Every time I walk into school it is like entering a clinic. I’m taken back. I see students bouncing around the halls, creating a symphony through tapping appendages. Erratic and eccentric behavior is about the only constant. But really, it is a commune, refuge of sorts, for gifted young adults that aspire to be part of the professional creative industry.
What causes these behaviors and why are they nurtured in visual art schools? The nonprofit group CHADD (Children and Adults with Attention Deficit/Hyperactivity Disorder) say that around 10% of Americans are diagnosed with ADHD and among that statistic 2% to 4% are adults. To clarify, The Diagnostic and Statistical Manual of Mental Disorders, Fourth Edition (DSM IV-TR), the handbook used by those in psychiatric are as a guide for diagnosis, describes three primary symptoms of ADHD: inattention, impulsivity, and hyperactivity. To be diagnosed as ADHD, the patient needs to exhibit at least six of the symptoms for inattention or at least six of the symptoms of the combined hyperactivity-impulsivity list. Based on these criteria, three types of ADHD are identified: ADHD Combined Type, ADHD Predominantly Inattentive Type and ADHD Predominantly Hyperactive-Impulsive Type. One could almost guarantee that visual art schools like Portfolio Center and similar programs possess a much higher percentage within the student body and faculty. So, why can individuals with ADHD find sanctuary in a creative environment?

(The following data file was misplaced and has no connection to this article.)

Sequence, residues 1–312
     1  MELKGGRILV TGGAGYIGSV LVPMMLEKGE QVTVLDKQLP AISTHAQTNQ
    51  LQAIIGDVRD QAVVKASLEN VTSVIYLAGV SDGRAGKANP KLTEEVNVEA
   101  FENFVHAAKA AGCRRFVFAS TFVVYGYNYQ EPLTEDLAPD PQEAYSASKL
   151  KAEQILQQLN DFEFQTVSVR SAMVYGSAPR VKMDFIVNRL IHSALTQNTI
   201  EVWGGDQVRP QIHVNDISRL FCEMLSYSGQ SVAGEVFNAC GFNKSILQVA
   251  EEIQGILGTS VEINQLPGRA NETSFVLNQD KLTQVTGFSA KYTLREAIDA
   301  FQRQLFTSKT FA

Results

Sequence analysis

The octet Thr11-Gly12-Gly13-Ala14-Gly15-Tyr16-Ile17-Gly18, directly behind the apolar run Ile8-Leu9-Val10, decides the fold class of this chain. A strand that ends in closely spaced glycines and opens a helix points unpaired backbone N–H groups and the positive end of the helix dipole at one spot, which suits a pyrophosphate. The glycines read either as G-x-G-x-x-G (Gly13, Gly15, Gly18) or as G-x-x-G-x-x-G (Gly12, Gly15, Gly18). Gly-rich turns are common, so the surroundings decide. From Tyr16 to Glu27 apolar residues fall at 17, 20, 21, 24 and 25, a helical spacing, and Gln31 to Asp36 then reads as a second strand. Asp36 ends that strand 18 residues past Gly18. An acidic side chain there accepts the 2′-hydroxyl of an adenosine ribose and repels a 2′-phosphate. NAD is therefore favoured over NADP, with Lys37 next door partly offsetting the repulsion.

First, the connection between ADHD and creativity must be evaluated. For several years now it has been argued that there is a strong correlation between ADHD and creativity. The exact nature of the relationship has not been intrinsically defined in large part because creativity and ADHD are themselves such complex and puzzling constructs. Regardless, one cannot ignore their astounding parallels.